Open Access

Body image in idiopathic scoliosis: a comparison study of psychometric properties between four patient-reported outcome instruments

  • Antonia Matamalas1,
  • Joan Bagó1,
  • Elisabetta D'Agata2Email author and
  • Ferran Pellisé1
Health and Quality of Life Outcomes201412:81

https://doi.org/10.1186/1477-7525-12-81

Received: 31 July 2013

Accepted: 27 May 2014

Published: 3 June 2014

Abstract

Background

Four patient-reported outcome (PRO) instruments are commonly used to assess body image in idiopathic scoliosis (IS): the Quality of Life Profile for Spinal Deformities (QLPSD), SRS-22 Self-Image scale, Spinal Appearance Questionnaire (SAQ), and Trunk Appearance Perception Scale (TAPS). The aim of this study is to compare the psychometric properties of these instruments in patients with IS and report the translational/cultural adaptation of the SAQ to Spanish.

Methods

The four instruments in a Spanish version were administered to 80 patients with IS aged 10 to 40 years old. The sample was stratified according to scoliosis magnitude (less and more than 45º). Analysis was also conducted for age groups. The psychometric properties studied included convergent and divergent construct validity, as well as internal consistency. Convergent validity was evaluated by correlation analysis between the self-image instruments and Cobb angle. Divergent validity was assessed with correlation analysis between PRO scores and SRS-22 dimensions scores such as Function, Pain and Mental Health.

Results

In the overall sample, each of the PRO instruments demonstrated high internal consistency (QLPSD Body Image, α = 0.80; SRS-22 Self Image, α = 0.78; SAQ, α = 0.89; TAPS, α = 0.87), also both for younger and adult patients subgroups. Correlation with curve magnitude was significant for each of the four scales. However, the correlation was higher for the pictorial scales (SAQ Appearance r = 0.61, TAPS r = - 0.62) than for the textual scales (QLPSD-bi r = 0.36, SRS-22 Self-Image scale r = - 0.41). In the younger group, correlation between Cobb angle and textual scales (QLPSD-bi and SRS-22 Self-Image Scale) was not significant. Body Image scales showed significant correlations with SRS-22 Pain, Function and Mental Health dimensions.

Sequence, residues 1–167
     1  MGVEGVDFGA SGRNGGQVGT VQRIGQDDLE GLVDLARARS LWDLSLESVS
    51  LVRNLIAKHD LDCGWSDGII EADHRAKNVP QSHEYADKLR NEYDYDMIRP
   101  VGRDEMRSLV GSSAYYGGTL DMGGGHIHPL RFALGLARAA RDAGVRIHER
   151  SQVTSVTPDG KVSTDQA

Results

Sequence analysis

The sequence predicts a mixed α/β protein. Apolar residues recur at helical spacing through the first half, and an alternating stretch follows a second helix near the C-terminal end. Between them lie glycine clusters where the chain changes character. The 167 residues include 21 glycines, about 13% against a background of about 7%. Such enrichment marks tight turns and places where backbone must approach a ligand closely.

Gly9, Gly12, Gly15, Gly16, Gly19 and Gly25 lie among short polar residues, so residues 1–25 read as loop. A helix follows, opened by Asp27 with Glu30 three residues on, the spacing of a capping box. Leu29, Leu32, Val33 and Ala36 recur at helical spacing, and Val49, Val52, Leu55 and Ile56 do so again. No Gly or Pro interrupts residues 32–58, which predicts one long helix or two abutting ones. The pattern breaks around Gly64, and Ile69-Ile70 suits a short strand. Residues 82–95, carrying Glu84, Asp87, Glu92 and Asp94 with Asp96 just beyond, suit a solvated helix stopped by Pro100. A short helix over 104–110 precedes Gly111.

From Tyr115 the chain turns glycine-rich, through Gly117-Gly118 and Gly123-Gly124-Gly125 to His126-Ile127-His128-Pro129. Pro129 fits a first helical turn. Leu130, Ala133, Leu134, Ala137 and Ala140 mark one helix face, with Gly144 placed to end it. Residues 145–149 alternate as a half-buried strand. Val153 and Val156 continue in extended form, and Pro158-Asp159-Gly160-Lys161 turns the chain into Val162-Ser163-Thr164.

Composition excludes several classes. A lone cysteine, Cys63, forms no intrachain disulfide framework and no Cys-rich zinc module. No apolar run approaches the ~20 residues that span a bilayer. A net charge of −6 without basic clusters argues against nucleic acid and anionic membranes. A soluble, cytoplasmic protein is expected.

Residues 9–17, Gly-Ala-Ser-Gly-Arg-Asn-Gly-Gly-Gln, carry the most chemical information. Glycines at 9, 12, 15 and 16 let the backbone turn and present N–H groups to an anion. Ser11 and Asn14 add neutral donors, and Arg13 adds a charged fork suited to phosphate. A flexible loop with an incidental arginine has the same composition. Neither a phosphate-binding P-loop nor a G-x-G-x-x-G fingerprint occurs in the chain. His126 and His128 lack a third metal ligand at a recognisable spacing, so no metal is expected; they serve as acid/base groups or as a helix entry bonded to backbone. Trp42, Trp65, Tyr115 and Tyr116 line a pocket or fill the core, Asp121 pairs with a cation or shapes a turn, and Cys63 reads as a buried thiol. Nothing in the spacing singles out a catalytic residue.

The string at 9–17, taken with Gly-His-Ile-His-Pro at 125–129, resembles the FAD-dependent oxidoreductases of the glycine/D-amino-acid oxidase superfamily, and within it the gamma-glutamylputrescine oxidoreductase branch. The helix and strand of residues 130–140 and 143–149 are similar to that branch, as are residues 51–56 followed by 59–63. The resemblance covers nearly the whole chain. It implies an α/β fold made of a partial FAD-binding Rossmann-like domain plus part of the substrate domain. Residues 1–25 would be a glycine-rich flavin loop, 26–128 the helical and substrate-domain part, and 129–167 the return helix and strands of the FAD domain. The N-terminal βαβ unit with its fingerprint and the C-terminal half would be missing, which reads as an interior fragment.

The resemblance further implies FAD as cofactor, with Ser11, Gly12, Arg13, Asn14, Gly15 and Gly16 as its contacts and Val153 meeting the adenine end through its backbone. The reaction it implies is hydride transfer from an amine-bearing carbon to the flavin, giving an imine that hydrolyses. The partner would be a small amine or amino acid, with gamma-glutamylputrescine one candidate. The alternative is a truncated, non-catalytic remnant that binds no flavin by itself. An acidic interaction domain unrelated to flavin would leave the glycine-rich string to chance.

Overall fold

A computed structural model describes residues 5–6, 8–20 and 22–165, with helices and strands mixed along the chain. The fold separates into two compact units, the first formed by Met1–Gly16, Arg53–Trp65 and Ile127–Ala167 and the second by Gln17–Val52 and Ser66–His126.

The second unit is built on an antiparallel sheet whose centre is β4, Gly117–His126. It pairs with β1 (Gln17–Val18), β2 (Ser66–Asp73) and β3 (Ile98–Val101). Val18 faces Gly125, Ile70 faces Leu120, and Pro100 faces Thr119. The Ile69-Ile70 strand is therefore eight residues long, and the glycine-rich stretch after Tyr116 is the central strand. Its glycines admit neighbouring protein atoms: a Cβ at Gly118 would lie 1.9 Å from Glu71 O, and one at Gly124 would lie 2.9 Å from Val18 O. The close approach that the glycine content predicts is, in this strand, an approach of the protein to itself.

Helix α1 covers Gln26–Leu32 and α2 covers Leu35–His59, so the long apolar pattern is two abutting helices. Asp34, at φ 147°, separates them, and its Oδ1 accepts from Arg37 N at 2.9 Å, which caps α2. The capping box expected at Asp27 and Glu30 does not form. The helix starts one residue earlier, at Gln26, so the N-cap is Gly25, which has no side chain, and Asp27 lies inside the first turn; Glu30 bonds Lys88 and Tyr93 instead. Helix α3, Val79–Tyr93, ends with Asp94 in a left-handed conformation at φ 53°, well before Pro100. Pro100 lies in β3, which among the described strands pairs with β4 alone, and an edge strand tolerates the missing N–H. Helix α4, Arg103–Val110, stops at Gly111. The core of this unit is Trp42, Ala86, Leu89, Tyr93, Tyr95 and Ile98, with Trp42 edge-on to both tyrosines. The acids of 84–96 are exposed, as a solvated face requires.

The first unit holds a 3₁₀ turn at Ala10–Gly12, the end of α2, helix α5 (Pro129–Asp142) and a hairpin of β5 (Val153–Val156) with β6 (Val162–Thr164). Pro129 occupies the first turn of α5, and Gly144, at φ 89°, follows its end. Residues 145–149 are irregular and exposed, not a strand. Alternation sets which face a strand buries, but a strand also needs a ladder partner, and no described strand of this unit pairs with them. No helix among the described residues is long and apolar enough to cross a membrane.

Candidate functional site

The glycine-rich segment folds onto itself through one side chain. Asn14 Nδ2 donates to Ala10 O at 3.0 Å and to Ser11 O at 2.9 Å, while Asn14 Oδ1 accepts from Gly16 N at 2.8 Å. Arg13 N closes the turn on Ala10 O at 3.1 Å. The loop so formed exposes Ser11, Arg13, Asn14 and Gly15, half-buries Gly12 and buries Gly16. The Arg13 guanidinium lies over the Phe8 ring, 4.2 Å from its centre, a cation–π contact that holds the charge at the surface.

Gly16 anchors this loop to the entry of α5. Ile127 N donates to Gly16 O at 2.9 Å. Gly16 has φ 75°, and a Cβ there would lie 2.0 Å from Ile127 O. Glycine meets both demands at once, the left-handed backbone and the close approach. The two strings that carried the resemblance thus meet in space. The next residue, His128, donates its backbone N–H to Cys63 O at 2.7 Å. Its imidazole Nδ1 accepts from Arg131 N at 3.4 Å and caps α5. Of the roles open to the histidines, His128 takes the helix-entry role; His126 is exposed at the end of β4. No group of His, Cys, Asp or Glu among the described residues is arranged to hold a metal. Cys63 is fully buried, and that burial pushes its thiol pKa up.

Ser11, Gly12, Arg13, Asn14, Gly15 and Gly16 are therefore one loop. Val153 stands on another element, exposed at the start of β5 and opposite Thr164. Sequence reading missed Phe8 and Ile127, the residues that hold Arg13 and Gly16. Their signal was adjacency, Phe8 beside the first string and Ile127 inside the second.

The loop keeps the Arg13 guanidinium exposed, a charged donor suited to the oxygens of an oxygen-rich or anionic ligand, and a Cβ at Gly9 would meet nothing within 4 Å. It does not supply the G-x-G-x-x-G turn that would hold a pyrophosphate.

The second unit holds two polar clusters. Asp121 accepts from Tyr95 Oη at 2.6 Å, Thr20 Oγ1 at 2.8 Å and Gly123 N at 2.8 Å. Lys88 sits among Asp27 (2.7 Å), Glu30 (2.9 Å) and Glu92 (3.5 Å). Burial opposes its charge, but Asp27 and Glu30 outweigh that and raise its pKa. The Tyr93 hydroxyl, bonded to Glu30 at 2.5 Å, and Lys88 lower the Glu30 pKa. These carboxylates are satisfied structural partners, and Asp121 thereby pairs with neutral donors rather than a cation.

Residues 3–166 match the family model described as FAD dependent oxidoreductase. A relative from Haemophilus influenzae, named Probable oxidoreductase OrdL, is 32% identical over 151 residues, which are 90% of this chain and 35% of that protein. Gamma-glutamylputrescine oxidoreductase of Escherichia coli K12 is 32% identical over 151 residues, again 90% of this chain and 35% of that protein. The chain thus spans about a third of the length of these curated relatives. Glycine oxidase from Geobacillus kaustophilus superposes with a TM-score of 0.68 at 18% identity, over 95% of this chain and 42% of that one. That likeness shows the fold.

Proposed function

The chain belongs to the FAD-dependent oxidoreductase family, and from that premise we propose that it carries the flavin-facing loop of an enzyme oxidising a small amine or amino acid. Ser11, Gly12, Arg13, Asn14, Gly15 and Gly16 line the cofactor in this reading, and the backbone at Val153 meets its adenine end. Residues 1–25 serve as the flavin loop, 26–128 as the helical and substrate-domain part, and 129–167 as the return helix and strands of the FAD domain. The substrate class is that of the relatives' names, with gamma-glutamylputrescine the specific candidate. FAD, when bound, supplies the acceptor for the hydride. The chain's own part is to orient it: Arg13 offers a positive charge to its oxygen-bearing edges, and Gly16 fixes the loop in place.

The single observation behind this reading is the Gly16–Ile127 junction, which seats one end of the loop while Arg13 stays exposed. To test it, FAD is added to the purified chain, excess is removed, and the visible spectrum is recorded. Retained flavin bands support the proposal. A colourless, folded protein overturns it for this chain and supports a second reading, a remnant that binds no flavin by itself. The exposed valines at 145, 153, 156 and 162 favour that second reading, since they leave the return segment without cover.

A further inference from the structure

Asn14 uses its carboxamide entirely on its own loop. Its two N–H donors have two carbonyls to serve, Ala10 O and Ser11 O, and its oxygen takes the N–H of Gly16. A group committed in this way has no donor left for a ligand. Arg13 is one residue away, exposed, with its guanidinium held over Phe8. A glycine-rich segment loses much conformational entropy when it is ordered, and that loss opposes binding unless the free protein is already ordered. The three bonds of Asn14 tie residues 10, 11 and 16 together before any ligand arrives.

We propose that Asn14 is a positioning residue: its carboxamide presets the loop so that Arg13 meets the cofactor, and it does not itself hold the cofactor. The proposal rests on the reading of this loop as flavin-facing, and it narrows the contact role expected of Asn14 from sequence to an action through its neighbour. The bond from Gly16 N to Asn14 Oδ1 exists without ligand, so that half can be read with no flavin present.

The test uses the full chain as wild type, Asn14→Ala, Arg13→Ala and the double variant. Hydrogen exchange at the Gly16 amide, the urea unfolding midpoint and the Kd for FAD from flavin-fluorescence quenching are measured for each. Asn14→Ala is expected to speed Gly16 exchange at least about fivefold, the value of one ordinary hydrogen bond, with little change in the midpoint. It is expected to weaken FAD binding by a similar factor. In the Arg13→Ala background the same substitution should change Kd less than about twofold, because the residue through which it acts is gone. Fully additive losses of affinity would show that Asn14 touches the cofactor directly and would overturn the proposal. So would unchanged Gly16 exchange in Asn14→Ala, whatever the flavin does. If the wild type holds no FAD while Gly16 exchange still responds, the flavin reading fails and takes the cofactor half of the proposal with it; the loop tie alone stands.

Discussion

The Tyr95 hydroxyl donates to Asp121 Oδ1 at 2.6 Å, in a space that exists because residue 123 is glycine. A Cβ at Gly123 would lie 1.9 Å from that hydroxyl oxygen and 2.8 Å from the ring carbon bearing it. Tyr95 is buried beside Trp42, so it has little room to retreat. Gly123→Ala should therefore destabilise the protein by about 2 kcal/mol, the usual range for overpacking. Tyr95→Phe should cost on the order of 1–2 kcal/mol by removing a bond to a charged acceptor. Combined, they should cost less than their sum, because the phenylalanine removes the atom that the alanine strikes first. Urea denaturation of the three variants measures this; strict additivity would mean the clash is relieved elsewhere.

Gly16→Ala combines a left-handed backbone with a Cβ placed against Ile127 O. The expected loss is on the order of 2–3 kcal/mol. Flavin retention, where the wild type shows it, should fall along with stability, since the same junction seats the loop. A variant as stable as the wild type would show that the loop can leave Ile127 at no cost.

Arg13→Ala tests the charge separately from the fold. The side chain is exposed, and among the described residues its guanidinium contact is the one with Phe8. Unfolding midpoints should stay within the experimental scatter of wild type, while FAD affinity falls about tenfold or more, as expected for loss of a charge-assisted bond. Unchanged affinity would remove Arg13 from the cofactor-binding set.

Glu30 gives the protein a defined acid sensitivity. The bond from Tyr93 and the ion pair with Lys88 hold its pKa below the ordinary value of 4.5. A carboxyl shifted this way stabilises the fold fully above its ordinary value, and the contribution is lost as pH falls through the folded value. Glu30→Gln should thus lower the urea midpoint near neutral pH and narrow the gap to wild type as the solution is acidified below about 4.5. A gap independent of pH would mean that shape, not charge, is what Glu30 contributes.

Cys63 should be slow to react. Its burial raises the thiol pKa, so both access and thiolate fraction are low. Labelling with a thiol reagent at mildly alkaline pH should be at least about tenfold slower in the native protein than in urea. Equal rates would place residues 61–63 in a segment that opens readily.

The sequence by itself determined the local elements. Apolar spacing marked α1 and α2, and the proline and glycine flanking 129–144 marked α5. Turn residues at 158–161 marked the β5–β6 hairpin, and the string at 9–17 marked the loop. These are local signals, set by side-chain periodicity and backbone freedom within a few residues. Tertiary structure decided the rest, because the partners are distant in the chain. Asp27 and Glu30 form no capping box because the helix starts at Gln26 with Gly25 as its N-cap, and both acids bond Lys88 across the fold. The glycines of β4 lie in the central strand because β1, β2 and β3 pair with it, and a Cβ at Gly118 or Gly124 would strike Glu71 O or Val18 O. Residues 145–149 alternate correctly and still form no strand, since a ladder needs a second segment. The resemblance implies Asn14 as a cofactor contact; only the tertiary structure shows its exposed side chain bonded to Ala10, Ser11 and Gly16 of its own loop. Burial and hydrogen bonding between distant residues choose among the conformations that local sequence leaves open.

Conclusions

All four instruments tested have good psychometric properties. Pictorial scales (SAQ Appearance and TAPS) correlated better with the radiological magnitude of the curve and this correlation is independent of age. Unexpectedly, all four scales demonstrated significant correlations with non-body image dimensions and the divergent hypothesis was not confirmed. Globally, pictorial scales showed slightly better construct validity to test body image perception than textual scales.

Keywords

Body imageIdiopathic scoliosisPatient-reported outcomes

Background

The value of patient-reported outcome (PRO) measures for improving the care and satisfaction of patients is now well established [1]. Cosmetic impairment is noteworthy in persons with idiopathic scoliosis (IS). Consequently, perceived body image is an important factor when assessing health-related quality of life (HRQOL) in those individuals [2]. The perception of body image in IS has been evaluated by various PRO instruments. In chronological order of publication and according to the available published information, the most frequently used are the Quality of Life Profile for Spinal Deformities (QLPSD) [3], the SRS-22 Patient Questionnaire Self-Image subscale [46], the Spinal Appearance Questionnaire (SAQ) [79], and the Trunk Appearance Perception Scale (TAPS) [10].

The QLPSD was developed in Spanish [3] to assess HRQOL in adolescents with IS. The questionnaire contains 21 items grouped in 5 dimensions: psychosocial functioning, sleep disturbances, back pain, back flexibility, and body image. Body image subscale internal consistency was found to be adequate for clinical research (Cronbach’s alpha = 0.7) as was test-retest reliability (ICC = 0.66). However, there was no significant correlation between the scale score and Cobb angle.